Eakins and Murray’s prophets, however, met a far stranger fate. Each was sold for $319, the cost of crating and shipping. Moses and Elijah were bought by Arthur Garrett of Skagway, Alaska, and eventually donated to a Catholic church there. The remaining eight became cemetery statuary in Frazier, Pennsylvania, where all but Samuel, as biographer Lloyd Goodrich noted, “fell prey to vandalism, weather or neglect.”
The partnership that began out of necessity for Eakins and desire to learn for Murray blossomed into a lifelong friendship. Eakins never publicly claimed co-authorship of the statues, suggesting that he wished both to promote Murray’s budding career and to protect him from any judgmental reaction among Philadelphians that the young sculptor had been ill-advised in his selection of a partner.”

From page 412 of the Revenge of Thomas Eakins by Sidney D. Kirkpatrick
Yale University Press, 2006

Ernest Raphael Cheadle

Ernest R. Cheadle was born in 1860 in Albany Oregon. In 1880 he was working as a laborer in El Cajon, California.
Married Melinda Julia Hearn in 1889 in Sacramento, California and had two kids, Ernest Jr. and Bessie. He and Melinda Julia divorced in 1896 in San Francisco.
He came to Alaska and built the Cheadle Hotel and Restaurant in Dyea in 1898. He was also appointed the Dyea U.S. Marshal from June 10, 1898 to November 29, 1898.
Although he was living in Dyea, Alaska, he went to Seattle on February 2, 1899 and married Nellie Ada Hewitt. She presumably died because he then married Sylvia Jurinda Smith, a Swedish gal from Utah on November 2, 1903 and had two more kids. In 1910 he was living in Seattle, Washington with his 4 kids and Sylvia and working as a real estate person. Ernest Cheadle died on June 8, 1921 in Seattle, Washington.

Pictured above is another cozy hotel in Sheep Camp.

S.F. Call online; Washington State Records; Skagway Museum record; Rootsweb for King family;

Samuel Roberts

This murder occurred on this day, March 13, 1898. Mr. Roberts ran the Wonder Hotel and saloon in Dyea and was murdered on his way home. Fitzpatrick, Corbett and Brooks apparently felt they could get away with murder during this period of wild abandon. They did not.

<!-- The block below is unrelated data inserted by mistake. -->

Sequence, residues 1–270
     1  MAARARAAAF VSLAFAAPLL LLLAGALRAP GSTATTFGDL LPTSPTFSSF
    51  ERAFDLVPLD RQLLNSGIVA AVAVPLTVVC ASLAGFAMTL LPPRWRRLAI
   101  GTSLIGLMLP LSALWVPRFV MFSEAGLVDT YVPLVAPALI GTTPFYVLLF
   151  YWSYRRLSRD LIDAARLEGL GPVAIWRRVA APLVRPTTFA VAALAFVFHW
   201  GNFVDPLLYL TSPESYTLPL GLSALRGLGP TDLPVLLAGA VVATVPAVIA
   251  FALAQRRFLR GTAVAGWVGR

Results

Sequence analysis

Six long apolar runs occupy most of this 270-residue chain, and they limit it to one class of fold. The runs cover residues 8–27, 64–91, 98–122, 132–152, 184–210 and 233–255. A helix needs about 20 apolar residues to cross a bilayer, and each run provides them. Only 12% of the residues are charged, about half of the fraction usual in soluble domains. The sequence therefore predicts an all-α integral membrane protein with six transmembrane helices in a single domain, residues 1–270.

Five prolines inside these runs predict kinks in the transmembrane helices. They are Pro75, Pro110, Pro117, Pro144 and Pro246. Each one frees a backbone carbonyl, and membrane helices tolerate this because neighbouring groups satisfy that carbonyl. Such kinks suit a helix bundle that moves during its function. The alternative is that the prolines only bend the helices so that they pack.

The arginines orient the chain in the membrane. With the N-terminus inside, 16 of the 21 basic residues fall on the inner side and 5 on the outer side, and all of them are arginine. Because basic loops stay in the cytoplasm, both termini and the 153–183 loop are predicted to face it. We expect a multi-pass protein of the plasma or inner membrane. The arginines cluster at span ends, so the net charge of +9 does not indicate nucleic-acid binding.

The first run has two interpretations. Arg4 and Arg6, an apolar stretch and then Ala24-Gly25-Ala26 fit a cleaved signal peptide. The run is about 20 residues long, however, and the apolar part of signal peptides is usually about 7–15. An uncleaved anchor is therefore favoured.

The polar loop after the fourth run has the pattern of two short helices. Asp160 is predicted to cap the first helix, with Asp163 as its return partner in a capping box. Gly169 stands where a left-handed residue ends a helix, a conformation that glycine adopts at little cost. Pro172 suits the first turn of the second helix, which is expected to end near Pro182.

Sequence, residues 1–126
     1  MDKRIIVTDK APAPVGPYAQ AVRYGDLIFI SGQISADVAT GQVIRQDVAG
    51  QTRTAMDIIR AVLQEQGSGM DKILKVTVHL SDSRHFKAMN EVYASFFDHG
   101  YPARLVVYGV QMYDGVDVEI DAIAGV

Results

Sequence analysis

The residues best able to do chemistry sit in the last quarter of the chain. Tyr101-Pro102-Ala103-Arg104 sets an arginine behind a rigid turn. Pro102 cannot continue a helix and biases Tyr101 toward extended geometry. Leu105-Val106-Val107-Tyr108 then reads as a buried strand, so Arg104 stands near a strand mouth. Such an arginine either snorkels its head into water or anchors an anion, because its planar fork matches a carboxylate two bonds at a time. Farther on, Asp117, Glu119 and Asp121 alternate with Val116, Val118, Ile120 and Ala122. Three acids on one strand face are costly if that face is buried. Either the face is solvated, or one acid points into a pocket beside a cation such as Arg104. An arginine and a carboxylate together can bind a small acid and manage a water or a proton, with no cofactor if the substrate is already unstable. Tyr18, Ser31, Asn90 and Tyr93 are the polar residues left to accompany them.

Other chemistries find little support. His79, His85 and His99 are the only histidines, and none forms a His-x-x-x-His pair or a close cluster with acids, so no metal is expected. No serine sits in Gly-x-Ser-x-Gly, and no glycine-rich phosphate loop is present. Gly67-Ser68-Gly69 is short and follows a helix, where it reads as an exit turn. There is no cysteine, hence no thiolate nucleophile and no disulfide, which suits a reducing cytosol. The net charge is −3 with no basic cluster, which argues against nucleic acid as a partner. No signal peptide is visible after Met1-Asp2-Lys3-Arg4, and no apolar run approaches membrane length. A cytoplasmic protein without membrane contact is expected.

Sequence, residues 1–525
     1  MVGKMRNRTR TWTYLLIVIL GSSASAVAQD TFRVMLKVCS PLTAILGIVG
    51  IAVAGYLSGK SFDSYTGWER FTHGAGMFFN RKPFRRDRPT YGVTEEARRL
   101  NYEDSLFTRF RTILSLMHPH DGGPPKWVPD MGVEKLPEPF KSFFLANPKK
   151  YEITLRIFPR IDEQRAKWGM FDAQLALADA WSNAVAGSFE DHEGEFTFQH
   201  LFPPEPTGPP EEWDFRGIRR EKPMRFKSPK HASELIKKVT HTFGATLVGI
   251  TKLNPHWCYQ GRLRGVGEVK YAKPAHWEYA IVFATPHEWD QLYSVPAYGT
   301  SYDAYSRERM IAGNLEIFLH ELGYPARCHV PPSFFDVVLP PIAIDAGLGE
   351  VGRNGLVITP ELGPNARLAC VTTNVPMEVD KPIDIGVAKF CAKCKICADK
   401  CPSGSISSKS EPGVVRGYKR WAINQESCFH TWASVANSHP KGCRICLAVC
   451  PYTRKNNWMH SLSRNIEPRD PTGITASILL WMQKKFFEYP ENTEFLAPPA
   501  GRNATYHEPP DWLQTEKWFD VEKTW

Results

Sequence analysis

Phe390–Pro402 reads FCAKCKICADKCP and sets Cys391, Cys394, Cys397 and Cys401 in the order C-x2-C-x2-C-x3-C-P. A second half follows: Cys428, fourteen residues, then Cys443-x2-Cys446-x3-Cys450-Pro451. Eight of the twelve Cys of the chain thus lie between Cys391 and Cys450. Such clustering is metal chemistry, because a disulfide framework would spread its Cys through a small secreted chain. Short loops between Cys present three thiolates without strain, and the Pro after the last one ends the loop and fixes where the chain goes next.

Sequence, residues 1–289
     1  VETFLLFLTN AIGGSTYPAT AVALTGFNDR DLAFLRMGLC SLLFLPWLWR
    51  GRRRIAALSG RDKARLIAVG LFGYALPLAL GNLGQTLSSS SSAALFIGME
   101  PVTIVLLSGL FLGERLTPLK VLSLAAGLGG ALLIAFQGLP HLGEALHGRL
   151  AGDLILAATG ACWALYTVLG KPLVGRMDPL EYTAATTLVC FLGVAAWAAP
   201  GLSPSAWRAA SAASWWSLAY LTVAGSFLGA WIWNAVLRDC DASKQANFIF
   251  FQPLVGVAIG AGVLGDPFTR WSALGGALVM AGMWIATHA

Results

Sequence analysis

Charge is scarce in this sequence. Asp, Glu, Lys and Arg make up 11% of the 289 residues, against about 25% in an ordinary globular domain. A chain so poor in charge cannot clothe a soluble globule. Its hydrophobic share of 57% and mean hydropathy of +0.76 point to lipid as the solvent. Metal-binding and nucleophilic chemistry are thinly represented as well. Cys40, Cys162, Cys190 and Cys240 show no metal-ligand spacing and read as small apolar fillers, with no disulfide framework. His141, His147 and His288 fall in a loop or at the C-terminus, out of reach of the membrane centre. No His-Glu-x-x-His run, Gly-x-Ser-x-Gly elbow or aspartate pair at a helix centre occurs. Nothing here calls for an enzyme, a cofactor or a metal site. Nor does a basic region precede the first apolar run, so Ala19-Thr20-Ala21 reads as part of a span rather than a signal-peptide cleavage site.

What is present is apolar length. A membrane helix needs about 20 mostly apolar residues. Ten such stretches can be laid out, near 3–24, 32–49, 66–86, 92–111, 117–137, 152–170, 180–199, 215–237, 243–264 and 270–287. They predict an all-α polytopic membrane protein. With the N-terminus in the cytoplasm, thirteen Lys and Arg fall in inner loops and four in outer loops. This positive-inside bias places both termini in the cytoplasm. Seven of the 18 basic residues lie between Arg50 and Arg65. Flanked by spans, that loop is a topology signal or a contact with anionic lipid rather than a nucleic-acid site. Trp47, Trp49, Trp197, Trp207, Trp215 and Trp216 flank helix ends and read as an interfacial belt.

Because Alaska was a federal territory and not a state at the time, the case went to a federal court, was appealed, and then heard at the Supreme Court.

The U.S. Supreme Court case 178 US 304 stated on May 28, 1900:
“The said John Fitzpatrick, Henry Brooks, and William Corbett at near Dyea, within the said District of Alaska and within the jurisdiction of this court, and under the exclusive jurisdiction of the United States, on the 13th day of March, in the year of our Lord one thousand eight hundred and ninety-eight, did unlawfully, willfully, knowingly, feloniously, purposely, and of deliberate and premeditated malice make an assault upon one Samuel Roberts, and that they, the said John Fitzpatrick, Henry Brooks, and William Corbett, a certain revolver, then and there charged with gunpowder and leaden bullets, which said revolver they, the said John Fitzpatrick, Henry Brooks, and William Corbett, in their hands then and there had and held, then and there feloniously, purposely, and of deliberate and premeditated malice did discharge and shoot off to, against, and upon the said Samuel Roberts, and that said John Fitzpatrick, Henry Brooks, and William Corbett with one of the bullets aforesaid out of the revolver aforesaid then and there by force of the gunpowder aforesaid by the said John Fitzpatrick, Henry Brooks, and William Corbett, discharged and shot off as aforesaid then and there feloniously, purposely, and deliberate and premeditated malice did strike, penetrate, and wound him, the said Samuel Roberts, in and upon the right breast of him, the said Samuel Roberts, then and there with the leaden bullet aforesaid so as aforesaid discharged and shot out of the revolver aforesaid by the said John Fitzpatrick, Henry Brooks, and William Corbett, in and upon the right breast of him the said Samuel Roberts one mortal wound, of which said mortal wound he, the said Samuel Roberts, instantly died, and so the grand jurors duly selected, impaneled, sworn and charged as aforesaid upon their oaths do say that said John Fitzpatrick, Henry Brooks, and William Corbett did then and there kill and murder the said Samuel Roberts in the manner and form aforesaid, contrary to the form of the statutes in such cases made and provided, and against the peace and dignity of the United States of America. Burton E. Bennett U.S. District Attorney”